Sports Betting a Hot Topic at National HBPA Convention


Alex Waldrop, Joe Asher, Dr. Jennifer Durenberger and moderator Michelle Fischer | Denis Blake/National HBPA


NEW ORLEANS, La.–Horsemen and racetracks should be acting now to prepare for the advent of sports betting in America. But just because racetracks understand parimutuel wagering, taking bets at fixed odds on sports requires completely different expertise.

Those were major takeaways from the sports betting panel that kicked off the National Horsemen's Benevolent and Protective Association Convention at the Astor Crowne Plaza Hotel in the famed French Quarter Wednesday. After three days of sessions on issues and developments facing horse racing, the convention wraps up Saturday morning with a meeting of the National HBPA board.

Joe Asher, chief executive officer of William Hill US, urged racing to follow the lead of Monmouth Park in pushing to legalize betting on sports. Monmouth is leased by the horsemen, who have partnered with William Hill on the sports-betting initiative.

“Until Congress gets involved, it's going to be a state issue,” Asher said. “And among the most critical decisions at the state level is who gets the license, who gets the right to offer the product. Certainly under the old legislation in New Jersey and one would think under the new legislation, the racetracks will get that right. That may not be the case in all states. Clearly, in my mind, the number one thing is to be involved in the legislative process in trying to get some form of either getting the licenses or some entree into it.”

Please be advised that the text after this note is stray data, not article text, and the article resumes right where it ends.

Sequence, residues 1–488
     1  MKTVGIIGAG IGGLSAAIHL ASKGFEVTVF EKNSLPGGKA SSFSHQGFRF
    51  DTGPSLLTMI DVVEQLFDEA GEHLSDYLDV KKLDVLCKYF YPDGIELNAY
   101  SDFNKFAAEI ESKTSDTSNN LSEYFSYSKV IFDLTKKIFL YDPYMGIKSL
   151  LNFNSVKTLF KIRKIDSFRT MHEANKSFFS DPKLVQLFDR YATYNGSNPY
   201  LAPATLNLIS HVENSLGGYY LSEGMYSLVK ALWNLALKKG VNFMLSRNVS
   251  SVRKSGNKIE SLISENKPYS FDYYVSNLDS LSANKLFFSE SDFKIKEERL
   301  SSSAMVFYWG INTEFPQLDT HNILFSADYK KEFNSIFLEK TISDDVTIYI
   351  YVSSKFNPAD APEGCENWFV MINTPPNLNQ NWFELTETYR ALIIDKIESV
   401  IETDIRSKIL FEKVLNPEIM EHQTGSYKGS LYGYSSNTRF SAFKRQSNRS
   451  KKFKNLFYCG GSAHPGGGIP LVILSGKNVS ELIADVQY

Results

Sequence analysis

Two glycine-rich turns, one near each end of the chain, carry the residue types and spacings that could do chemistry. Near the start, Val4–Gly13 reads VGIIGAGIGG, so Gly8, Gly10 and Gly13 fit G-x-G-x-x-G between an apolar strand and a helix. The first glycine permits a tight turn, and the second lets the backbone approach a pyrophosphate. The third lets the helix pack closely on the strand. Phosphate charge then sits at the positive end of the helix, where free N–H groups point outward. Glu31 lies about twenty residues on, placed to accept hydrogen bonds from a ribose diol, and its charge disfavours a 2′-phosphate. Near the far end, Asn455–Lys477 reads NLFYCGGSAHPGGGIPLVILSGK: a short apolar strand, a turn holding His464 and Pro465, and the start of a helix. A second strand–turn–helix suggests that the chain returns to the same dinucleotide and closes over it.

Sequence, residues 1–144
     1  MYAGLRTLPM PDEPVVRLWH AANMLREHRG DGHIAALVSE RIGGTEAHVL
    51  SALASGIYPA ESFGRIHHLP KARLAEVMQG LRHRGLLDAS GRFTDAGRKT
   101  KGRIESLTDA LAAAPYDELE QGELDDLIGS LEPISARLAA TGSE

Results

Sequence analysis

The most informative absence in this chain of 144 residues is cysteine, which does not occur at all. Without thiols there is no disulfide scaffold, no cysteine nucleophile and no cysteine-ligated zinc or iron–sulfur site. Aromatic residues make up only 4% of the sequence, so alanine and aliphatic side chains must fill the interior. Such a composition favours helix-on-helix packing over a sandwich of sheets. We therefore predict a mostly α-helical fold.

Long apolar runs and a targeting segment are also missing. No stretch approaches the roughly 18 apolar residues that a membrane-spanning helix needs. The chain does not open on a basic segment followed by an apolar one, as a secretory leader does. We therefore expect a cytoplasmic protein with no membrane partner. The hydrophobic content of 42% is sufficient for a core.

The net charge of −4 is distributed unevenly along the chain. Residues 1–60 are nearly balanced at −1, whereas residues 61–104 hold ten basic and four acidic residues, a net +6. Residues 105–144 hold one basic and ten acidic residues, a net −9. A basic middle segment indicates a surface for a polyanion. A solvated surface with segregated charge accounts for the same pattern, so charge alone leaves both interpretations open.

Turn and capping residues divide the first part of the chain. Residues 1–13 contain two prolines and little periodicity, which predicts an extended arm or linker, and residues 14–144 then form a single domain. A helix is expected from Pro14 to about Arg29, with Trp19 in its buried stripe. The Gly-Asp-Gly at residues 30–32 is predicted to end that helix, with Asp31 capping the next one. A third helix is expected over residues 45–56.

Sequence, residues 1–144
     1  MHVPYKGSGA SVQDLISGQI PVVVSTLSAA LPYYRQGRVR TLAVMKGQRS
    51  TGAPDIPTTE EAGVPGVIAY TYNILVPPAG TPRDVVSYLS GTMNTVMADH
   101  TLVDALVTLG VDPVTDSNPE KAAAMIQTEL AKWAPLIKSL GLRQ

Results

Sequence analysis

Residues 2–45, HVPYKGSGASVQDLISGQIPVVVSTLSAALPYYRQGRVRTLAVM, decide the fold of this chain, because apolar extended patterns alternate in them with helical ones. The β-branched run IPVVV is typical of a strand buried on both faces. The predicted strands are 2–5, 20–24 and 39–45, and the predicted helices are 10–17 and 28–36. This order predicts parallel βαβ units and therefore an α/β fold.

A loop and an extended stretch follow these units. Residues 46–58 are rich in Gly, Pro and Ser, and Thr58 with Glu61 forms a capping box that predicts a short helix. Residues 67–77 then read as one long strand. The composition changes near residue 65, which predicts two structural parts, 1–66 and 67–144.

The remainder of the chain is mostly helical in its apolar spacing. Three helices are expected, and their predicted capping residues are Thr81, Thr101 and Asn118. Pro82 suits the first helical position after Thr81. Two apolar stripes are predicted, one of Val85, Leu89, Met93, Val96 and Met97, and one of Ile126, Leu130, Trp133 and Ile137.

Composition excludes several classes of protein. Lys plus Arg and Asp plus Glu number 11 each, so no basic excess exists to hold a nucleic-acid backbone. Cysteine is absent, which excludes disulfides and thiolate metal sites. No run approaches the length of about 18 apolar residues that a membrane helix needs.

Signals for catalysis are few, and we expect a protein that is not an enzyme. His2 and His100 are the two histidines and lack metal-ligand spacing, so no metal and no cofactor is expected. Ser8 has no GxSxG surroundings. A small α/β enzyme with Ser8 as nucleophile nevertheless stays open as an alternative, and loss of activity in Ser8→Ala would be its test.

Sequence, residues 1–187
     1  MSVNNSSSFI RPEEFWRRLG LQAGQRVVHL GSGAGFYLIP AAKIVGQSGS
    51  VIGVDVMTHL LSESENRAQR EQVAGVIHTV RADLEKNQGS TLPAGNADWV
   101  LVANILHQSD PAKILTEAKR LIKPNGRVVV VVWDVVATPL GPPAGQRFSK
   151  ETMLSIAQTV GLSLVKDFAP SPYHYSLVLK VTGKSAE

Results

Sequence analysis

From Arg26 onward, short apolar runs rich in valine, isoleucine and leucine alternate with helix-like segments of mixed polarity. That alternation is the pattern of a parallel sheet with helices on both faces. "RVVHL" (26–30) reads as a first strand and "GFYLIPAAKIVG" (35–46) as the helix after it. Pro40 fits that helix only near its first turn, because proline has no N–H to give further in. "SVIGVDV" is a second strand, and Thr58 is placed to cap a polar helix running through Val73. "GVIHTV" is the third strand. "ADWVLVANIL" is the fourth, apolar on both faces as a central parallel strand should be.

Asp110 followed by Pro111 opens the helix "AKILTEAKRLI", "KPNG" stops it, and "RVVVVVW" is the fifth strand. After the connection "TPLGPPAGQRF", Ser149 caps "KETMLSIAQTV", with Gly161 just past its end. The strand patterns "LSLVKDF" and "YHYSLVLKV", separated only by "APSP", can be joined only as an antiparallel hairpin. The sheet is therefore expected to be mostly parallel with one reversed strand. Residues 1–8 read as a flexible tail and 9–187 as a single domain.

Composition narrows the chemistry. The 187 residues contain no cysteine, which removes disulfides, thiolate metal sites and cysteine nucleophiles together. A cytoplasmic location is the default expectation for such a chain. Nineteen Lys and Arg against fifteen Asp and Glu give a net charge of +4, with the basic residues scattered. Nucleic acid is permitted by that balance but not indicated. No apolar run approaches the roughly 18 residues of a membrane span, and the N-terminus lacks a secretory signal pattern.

Alex Waldrop, president of the National Thoroughbred Racing Association, offered another top priority.

“The number one thing you should do is be on the phone with a William Hill or somebody else who does know this business. Because this is not our business,” Waldrop said. “It's vastly more complicated and risky than parimutuel horse racing. You should not go down this road thinking this is just another case where you're going to divvy up purse money. If you're not well-advised, you could be left behind.”

The panelists, which also included industry consultant Dr. Jennifer Durenberger and moderator Michele Fischer of Sportech Racing and Digital, agreed that it's just a matter of time before sports betting proliferates around the country. The United States Supreme Court is expected to rule this spring on New Jersey's challenge to the constitutionality of the Professional and Amateur Sports Protection Act (PASPA), which for the last quarter-century effectively has made sports betting illegal except in Nevada and a few other states.

“In 2012, the idea of sports wagering throughout the United States was just a long shot,” said Fischer, vice president of sales and business development for Sportech. “The sports leagues sued the state of New Jersey to block sports wagering in Atlantic City casinos and the state's racetracks. They called it a clear violation of the federal ban on state-sponsored sports betting and threatened their integrity…Now we wait for the United States Supreme Court to potentially strike down the 25-year-old statute. During the six-year battle the momentum has changed. We've got 18 states and three governors now supporting the New Jersey case…There are close to two dozen states considering bills to legalize sports betting.”